US Cable Firms Talk Tough on Industry Reforms

16 November 2007

WASHINGTON DC: US cable TV firms have threatened court action in their fight against industry reforms proposed by top media regulator Kevin J Martin.

The Federal Communications Commission chairman has raised many hackles with his planned curbs on some industry practices.

Executives believe Martin has turned his radar in their direction - after many years of seeming indifference - because of their persistent refusal to entertain a la carte programming.

Martin has been pushing for companies to offer a pick-and-mix service rather than bundles of channels as a way to bring down costs and offer more choice to consumers.

The companies have dug in their heels and refused to budge, citing increased competition from satellite TV and telcos as the reason for their stance.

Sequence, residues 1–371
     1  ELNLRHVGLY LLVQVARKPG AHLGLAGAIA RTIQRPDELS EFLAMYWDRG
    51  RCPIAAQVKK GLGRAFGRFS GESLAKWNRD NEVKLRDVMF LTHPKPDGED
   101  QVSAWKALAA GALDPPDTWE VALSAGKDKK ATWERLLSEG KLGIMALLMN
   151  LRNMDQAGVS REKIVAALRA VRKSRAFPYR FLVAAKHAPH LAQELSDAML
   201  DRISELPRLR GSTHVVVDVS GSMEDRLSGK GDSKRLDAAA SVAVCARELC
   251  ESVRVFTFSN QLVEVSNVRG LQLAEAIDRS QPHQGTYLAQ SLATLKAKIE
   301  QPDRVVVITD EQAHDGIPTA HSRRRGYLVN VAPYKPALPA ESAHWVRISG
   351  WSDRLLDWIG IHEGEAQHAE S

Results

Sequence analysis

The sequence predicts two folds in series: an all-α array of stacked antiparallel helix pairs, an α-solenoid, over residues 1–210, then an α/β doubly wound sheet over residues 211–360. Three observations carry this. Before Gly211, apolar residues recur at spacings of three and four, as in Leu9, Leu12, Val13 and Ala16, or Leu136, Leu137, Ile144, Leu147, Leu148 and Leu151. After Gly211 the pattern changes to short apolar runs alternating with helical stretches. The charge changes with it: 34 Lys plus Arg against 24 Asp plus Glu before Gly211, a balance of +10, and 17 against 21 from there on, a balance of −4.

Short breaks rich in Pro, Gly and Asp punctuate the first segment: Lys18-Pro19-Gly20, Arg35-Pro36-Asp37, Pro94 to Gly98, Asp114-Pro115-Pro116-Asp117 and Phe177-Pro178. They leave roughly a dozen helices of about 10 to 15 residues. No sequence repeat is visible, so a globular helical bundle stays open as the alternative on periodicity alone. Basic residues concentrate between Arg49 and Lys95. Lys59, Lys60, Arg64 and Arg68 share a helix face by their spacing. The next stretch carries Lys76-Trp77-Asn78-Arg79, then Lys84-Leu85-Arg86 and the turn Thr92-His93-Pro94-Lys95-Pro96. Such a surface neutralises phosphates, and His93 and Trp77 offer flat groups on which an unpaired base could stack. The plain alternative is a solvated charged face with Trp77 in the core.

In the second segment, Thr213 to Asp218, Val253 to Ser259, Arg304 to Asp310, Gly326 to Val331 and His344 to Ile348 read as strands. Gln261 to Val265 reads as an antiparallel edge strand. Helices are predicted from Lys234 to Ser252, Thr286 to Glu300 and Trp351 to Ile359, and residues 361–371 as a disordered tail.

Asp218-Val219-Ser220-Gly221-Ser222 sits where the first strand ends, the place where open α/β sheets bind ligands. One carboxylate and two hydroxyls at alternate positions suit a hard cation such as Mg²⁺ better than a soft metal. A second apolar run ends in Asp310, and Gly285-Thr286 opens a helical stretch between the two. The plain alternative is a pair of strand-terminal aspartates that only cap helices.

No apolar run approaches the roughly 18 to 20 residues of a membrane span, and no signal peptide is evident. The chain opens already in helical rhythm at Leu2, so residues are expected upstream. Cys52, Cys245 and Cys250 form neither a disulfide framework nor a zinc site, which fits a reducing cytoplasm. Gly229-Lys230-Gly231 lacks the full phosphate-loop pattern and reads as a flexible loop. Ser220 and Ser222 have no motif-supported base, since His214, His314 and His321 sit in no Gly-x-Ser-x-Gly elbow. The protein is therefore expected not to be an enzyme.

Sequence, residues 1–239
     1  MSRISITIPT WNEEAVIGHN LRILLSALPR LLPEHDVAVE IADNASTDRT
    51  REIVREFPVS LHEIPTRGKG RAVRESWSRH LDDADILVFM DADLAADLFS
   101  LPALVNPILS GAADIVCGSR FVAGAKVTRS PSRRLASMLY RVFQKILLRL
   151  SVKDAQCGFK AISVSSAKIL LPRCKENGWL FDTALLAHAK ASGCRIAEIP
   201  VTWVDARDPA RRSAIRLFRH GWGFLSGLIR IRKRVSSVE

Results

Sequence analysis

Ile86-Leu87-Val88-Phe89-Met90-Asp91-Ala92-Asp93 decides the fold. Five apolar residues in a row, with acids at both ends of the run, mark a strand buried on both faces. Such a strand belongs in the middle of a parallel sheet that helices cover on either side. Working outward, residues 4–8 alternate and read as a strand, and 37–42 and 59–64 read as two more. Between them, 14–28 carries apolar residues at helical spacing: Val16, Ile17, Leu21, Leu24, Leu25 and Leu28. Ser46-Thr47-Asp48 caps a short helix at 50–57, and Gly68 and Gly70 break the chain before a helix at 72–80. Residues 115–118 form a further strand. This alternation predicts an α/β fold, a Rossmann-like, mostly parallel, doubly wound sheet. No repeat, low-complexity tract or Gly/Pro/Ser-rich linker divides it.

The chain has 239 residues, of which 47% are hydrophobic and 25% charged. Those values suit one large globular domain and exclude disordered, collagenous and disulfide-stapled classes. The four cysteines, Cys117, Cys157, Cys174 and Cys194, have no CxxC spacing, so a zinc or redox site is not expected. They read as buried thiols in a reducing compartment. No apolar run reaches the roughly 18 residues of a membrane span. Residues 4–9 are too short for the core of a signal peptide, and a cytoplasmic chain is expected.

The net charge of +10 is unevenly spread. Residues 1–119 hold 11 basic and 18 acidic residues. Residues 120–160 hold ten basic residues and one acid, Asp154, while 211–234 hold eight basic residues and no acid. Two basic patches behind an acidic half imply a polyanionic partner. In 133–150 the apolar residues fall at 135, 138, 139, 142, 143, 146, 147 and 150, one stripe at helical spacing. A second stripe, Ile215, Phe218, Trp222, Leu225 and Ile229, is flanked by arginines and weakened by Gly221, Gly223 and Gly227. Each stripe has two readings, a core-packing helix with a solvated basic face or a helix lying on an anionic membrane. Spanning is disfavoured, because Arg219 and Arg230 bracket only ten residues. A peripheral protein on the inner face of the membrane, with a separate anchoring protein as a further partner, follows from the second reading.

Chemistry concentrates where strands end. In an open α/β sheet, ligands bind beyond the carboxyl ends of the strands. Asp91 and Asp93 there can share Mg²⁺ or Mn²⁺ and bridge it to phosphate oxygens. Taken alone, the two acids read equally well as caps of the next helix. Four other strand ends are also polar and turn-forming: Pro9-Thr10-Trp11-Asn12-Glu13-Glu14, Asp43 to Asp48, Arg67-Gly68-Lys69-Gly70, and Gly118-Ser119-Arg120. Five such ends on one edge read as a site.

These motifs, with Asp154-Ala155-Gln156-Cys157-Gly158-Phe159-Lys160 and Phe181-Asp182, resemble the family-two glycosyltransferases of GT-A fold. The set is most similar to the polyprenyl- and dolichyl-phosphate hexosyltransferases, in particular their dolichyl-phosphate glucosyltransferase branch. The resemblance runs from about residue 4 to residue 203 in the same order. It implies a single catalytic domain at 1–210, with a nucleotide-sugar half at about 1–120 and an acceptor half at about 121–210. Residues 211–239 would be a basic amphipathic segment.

Thunders Kyle McSlarrow, president of the National Cable and Telecommunications Association: "We'd much rather have a better relationship [with the FCC], but we're not going to fundamentally wreck a business model and hurt our customers to appease one chairman of the FCC."

Martin is expected to ratchet-up the tension at the next meeting of the watchdog's five commissioners who, under 23-year-old laws, can flex their regulatory muscles over the cable industry once 70% of consumers subscribe to services and 70% of households can receive them.

Both those thresholds have reportedly now been crossed, although two of the commission's members have questioned the accuracy of the data.

Data sourced from Wall Street Journal Online; additional content by WARC staff